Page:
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McFarling: Baseball’s annual day of hope takes on new meaning

McFarling: Baseball’s annual day of hope takes on new meaning

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Baltimore Orioles shortstop Jose Iglesias poses for photographers during an intrasquad game at training camp on Tuesday.

Baseball’s opening day is my favorite day of the year.

There are myriad reasons for this. It starts with the pageantry, the big crowds, the excitement. Then there’s the promise of six months of daily entertainment, so much content that you have the luxury of consuming — or not consuming, secure in the knowledge that there’s always tomorrow — as the spring turns to summer and summer steps aside for fall.

The last reason I love baseball’s opening day is corny and trite and nebulous, but it might be the most powerful: hope.

As the MLB season is set to begin Thursday night in Washington, hope is the only one of these things we still have. Teams are playing only 60 regular-season games, if they’re lucky, so we can forget the six months of constant entertainment. There won’t be any crowds, much less big ones. Pageantry? When you can hear the crack of the bat echo off empty seats in cavernous stadiums, you’ve pretty much ruled out pageantry.

But we all need to have hope. Not the normal kind of hope, where we dream that our team will lift the World Series trophy, although that’s fine to harbor, too.

No, the hope we all need to have is that they somehow get through this mini-season unscathed. We need to hope that this thing won’t get shut down, once again setting us back in our collective quest to return to more of the activities we all love.

The fact that baseball has even made it this far, to the cusp of its truncated season, is a bit of a miracle. Essentially, players and owners who can’t stand each other all hopped in a van together and drove straight into a hurricane.

When MLB announced on June 24 that baseball was coming back, the idea that they would even get to the starting line was met with justifiable skepticism from those inside the sport. Issues with testing — and positive tests — over the past few weeks threw more obstacles in the way.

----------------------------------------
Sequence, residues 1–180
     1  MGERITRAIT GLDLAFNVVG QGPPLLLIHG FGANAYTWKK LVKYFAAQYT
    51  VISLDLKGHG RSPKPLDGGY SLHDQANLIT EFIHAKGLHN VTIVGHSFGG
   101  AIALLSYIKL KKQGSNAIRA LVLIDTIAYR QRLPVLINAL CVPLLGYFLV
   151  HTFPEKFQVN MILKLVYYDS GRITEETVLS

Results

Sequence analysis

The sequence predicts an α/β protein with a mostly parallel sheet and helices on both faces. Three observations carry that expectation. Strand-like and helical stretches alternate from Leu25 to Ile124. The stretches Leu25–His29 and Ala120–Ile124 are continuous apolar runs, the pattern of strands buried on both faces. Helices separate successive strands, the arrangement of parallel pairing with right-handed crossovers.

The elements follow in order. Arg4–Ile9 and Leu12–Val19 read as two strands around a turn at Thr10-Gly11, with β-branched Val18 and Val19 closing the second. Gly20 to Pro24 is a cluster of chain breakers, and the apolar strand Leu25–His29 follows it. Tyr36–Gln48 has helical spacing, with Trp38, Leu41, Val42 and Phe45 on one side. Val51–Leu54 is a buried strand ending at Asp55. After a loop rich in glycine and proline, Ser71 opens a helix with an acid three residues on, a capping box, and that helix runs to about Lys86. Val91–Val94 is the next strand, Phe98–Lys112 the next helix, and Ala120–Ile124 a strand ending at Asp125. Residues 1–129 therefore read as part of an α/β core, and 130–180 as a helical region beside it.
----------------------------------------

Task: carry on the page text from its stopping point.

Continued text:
But now comes the really hard part. Baseball is the first of the four major U.S. sports to return, and the others aren’t far behind. The NBA is scheduled to restart July 30. The NHL has targeted Aug. 1 for the start of its playoff qualifying rounds and round-robin tournament that will determine postseason seeding.

The NBA is playing in a bubble in Florida. The NHL will compete in two Canadian hub cities. Baseball players? They’ll be traveling much as they normally do, albeit in a pared-down, regionalized schedule.

The possibility of a fiasco is obvious. In the middle of a pandemic, can these guys even make it a week? A month?

We have to hope.

To reach the end of the season, baseball will have to get very, very lucky. But beyond that, the players and team staffers will have to be unusually selfless and vigilant.

Set aside the on-field habits that are difficult to break — the spitting, the high-fiving, the backside slapping — because they’re far less important than the decisions the players will make once the cameras go dark.

Will they have the discipline to wear masks when they make a food run near their homes? Will they be willing to stay primarily in their hotel rooms on the road? Will young men accustomed to the trappings of wealth and celebrity be willing to socially distance away from the diamond out of respect for their colleagues?

We have to hope.

All this has little to do with whether you’re a baseball fan. If you’re bummed that there likely won’t be high school football in Virginia this fall, you have to hope this works. If you have a son or daughter in the marching band, you have to hope.

If you want to see college football again, or go to the movies, or eat inside at your favorite restaurants, you should be hoping for a positive outcome with MLB. We don’t need any more national-scale setbacks than we’ve already had.

Play ball, boys. And please play it as safely as you can.

We’re all hoping for the best.

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